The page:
EM: On the stage.
JO: On the stage.
EM: In front of how many people?
JO: Oh, I mean, you know, tens of thousands, whatever it was. It wasn’t, you know, the 200,000 we have nowadays, but it was quite a few. And I remember, then I got up there and this is a little hazy. I don’t remember the whole thing. Because you’re in the situation…
JO [1973 audio clip]: Lesbian Feminist Liberation negotiated for a week and a half using the means that rational women and women have always used in the past, not disruptive means, to try to get up here and read a statement. We were told no, that there would be no political statements read today. Because one person, a man, Sylvia [Rivera], gets up here and causes a ruckus, we are not allowed to read our statement. And I think that says something right there. Now I’d like to go on and speak, but I have written here a statement that’s backed up by a hundred women and this was voted on so I’m just going to read this statement.
JO: So, I read the statement…
EM: What did you say?
JO: Well, that we at the Lesbian Feminist Liberation protest the cross-dressing of men in women’s clothes for purposes of profit and we wanted to make that statement clear.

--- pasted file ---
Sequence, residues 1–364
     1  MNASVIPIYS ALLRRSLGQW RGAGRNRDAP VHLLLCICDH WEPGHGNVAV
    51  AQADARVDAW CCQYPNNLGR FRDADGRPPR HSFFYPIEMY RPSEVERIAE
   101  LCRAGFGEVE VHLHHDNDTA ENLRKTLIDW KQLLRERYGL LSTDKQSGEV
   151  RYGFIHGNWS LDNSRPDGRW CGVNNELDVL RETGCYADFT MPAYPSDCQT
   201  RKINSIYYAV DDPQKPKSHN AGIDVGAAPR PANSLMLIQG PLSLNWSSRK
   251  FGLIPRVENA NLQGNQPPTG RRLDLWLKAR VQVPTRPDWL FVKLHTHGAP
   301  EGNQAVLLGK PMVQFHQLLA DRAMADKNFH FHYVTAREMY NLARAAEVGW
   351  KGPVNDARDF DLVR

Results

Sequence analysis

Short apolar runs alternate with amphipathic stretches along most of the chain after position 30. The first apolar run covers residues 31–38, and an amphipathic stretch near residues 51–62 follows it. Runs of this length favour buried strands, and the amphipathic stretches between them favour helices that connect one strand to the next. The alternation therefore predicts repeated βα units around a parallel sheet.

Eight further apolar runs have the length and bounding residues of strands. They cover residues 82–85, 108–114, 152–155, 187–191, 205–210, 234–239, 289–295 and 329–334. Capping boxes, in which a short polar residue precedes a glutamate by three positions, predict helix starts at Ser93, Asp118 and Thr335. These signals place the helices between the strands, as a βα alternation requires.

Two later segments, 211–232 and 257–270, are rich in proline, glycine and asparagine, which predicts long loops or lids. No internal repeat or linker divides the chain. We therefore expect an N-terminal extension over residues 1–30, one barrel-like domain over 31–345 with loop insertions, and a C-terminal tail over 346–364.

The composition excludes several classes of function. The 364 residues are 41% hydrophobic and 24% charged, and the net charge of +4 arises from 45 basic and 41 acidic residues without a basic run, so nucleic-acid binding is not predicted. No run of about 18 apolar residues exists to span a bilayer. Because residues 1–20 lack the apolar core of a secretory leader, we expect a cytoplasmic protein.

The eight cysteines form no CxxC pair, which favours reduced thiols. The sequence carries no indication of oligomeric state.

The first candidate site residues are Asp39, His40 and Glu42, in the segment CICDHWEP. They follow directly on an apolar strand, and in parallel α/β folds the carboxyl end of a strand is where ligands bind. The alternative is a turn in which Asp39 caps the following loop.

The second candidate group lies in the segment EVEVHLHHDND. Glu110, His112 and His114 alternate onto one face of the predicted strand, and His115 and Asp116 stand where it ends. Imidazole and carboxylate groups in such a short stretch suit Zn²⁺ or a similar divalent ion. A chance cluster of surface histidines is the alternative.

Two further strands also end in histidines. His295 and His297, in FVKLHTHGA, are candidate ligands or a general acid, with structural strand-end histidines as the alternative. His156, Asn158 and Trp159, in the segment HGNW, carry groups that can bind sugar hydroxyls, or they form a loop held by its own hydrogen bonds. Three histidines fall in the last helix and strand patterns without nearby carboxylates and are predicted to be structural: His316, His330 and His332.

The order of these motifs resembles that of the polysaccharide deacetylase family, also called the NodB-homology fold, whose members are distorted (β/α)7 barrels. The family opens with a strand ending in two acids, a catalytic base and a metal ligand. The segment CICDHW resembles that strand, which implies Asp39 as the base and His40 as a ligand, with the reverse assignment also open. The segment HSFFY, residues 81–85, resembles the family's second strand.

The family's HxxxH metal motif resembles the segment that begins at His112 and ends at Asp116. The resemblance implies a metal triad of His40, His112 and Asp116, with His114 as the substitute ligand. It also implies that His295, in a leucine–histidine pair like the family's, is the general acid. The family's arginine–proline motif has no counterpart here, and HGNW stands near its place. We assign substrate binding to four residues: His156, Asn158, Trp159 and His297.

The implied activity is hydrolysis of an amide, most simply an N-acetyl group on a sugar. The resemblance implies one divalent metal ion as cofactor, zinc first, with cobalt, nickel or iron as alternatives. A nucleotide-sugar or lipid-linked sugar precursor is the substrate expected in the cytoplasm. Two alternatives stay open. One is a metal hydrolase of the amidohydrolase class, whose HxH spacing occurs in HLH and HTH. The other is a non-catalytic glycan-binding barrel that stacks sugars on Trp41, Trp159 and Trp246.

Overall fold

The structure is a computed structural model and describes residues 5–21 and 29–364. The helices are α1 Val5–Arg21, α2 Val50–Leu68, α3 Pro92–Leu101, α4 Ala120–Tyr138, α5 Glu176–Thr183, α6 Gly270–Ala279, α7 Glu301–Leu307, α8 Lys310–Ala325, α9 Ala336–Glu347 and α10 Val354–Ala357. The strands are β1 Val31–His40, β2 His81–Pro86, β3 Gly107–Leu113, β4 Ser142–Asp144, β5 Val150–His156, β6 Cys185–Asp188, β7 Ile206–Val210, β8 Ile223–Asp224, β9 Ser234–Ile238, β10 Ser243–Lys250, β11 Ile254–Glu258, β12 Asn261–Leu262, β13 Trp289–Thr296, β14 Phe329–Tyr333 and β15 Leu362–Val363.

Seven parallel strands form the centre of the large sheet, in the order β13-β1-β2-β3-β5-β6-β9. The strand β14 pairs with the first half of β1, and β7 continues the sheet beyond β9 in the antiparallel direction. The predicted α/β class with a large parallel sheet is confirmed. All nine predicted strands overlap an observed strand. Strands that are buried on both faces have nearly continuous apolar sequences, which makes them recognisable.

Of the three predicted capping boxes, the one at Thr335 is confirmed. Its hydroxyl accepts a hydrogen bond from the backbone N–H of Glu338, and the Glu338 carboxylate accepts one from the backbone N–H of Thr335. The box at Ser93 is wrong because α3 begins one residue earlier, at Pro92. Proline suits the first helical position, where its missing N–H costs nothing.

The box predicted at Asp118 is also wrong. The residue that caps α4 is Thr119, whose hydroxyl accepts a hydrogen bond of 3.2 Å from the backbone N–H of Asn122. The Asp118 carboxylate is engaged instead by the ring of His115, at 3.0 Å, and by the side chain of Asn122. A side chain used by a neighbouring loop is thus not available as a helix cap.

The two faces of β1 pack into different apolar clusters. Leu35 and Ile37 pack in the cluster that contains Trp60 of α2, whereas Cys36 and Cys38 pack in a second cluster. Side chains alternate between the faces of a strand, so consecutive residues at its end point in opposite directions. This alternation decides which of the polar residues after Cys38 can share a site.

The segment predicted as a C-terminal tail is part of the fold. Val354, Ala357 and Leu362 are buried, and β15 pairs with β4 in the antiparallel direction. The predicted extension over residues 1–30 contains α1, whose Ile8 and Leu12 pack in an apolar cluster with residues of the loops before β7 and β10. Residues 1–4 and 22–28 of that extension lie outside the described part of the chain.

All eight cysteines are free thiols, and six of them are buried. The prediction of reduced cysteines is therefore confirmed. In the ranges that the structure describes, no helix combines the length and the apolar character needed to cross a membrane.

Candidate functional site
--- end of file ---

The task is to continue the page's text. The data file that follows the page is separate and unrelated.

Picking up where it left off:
JO [1973 audio clip]: When men impersonate women for reasons of entertainment or profit, they insult women. We support the rights of every person to dress in the way that she or he wishes. But we are opposed to the exploitation of women by men for entertainment or profit. Men have been telling us who we are all our lives. They have tried to do it with scholarship, with religion, with psychiatry. When all else fails, they have used humor to tell us and each other who and what we are. What we object to today is another instance in which men laughing with one another at what they present as women by telling us who they think we are. We don’t want to know. Men have never been able to show us ourselves. We are coming into a time and a place as women in which we can and will show one another who we are. Let men tell each other what they think of women. Let us tell you who we are.
JO: There was an incredible reaction. A lot of hostility. Men and women started fighting with each other out in the crowd.
EM: Physically or verbally?